Do you feel to any extent that most of your fans still consider Souls At Zero, Enemy Of The Sun and Through Silver In Blood the best Neurosis albums?
I don’t think that’s true. I don’t know if they think that or not. If they do they’re wrong because the next one will be the best one. And the best one until now is Given To The Rising because it’s an evolution. And each time we get further out along our evolution and closer to the core, we become more experienced. We have more experience, more wisdom, more knowledge. And we never stay the same and we will never stagnate. We look back to some of the old recordings and we are proud of them but the seem quite silly and juvenile looking back upon them. We can’t even play most of those songs anymore because they seem kind of done. They had their time and their time is over. It’s time for the new to come take its place. And I meet lots of people. When you talk to Neurosis fans everybody has their favorite record. For some of them it’s the new record, for some of them it’s The Eye Of Every Storm, for some of them it’s The Sun That Never Sets… That was really the time when we discovered ourselves. We were just young men becoming what we are now. Now we’re much stronger, much heavier and much deeper.

Do you agree if I say that Neurosis is music, art above any categories?

Your music might as well be a soundtrack to the end of the world.
It’s the soundtrack to our life and I hope it’s not the end of the world. You never know what it is. To me, it’s the soundtrack of overcoming adversity. Endings are new beginnings, every thing cycles around itself. I think the apocalypse is not a single event, it’s a constant energy. Things are always dying and being reborn. It’s understanding those cycles and recognizing them and trying to live in this world of distraction and things that are not real, things that are illusion. You have to look for what’s real when you’re a thinking, feeling human being and to think about what our place here is and why we spend so much time with bullshit instead of things that are real. To me, it’s the soundtrack of all of those things: all of the pains, all of the loves… All at once.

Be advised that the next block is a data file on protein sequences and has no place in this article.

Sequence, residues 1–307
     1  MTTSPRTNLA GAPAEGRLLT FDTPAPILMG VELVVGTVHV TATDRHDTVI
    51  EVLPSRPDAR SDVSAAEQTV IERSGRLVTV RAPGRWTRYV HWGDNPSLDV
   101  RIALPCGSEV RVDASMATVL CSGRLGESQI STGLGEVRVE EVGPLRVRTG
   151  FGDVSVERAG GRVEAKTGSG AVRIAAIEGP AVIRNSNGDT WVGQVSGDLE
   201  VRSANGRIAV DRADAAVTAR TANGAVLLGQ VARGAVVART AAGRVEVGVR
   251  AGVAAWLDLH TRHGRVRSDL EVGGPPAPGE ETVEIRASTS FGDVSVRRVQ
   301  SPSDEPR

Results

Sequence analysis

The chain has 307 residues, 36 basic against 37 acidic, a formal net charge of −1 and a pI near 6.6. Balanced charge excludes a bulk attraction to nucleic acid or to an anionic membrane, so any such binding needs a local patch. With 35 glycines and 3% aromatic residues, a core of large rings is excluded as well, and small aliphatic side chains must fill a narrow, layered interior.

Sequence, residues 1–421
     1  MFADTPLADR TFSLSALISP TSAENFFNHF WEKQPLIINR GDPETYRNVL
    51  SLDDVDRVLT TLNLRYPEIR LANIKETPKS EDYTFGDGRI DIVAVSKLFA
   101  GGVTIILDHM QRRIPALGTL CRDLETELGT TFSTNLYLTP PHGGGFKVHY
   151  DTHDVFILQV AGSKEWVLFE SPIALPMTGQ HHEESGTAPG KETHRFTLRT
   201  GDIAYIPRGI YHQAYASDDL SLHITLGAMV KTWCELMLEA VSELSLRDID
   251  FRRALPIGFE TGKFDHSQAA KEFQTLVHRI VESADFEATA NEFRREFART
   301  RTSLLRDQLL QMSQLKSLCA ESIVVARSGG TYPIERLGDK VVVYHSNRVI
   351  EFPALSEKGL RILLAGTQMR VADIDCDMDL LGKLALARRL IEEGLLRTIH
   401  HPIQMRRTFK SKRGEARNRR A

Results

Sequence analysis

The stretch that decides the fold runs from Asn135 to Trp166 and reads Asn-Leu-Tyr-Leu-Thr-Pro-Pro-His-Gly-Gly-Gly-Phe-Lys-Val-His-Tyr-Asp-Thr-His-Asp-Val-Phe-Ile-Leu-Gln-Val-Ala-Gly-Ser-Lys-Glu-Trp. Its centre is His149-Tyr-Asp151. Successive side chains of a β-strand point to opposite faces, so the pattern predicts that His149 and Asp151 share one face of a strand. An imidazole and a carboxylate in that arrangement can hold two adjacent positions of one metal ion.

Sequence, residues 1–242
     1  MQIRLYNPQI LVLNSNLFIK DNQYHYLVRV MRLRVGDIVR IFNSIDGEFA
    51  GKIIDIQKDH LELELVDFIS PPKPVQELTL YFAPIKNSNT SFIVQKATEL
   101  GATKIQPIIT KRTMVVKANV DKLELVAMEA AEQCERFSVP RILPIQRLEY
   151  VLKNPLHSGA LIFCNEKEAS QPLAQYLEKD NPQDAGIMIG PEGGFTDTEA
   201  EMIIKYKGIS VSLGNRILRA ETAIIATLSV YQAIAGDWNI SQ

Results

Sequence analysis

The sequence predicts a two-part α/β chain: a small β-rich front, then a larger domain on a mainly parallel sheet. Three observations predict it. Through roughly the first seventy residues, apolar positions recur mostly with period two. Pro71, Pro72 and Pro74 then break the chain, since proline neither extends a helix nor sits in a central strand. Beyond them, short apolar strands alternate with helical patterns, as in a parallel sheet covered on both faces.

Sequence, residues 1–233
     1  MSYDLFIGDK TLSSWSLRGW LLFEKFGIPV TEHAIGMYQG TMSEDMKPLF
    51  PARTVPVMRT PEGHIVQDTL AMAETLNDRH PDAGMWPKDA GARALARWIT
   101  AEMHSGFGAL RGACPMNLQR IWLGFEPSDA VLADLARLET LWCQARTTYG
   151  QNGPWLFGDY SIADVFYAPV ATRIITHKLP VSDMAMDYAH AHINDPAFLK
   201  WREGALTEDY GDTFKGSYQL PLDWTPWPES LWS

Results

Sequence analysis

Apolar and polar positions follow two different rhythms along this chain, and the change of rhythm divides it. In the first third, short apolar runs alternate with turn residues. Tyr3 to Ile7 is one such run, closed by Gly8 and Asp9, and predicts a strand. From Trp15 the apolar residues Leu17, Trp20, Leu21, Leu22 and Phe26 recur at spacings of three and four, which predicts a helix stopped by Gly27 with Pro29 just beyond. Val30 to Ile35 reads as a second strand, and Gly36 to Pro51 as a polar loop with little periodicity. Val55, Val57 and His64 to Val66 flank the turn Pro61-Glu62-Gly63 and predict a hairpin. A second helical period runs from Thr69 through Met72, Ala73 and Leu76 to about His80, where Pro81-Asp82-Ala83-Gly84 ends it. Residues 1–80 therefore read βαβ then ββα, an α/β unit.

Do you believe in the end of the world? It’s not the end predicted for 2012 or all those conspiracy theories I mean but the way we have been destroying our environment. Do you think this process is still reversible?
Maybe not for people but I don’t know. The Earth will survive, it’s just that we might not make it survivable for ourselves. People are just little teeny piece of earth time.

Obviously, we have to live in 2011, like it or not. But when do you think the last time was when human life on Earth was in balance? And when did it all go wrong?
I have no idea.

Besides your music and live shows, what do you think your legacy and message to posterity is?
I think the music is the legacy and it speaks for itself. If I could explain in words what the music explains, I would be a writer, not a musician. I’m not a philosopher, not a writer, I just make this music that comes from the heart. I think our legacy is people will know we were true to what we wanted to do, that we were honest, that it was intense and heartfelt music and we gave it everything we had. That’s all you can do.

How do you view the future of Neurosis? Will you still release albums, will you still do live shows, tours etc.?
Till we’re dead. Till we die.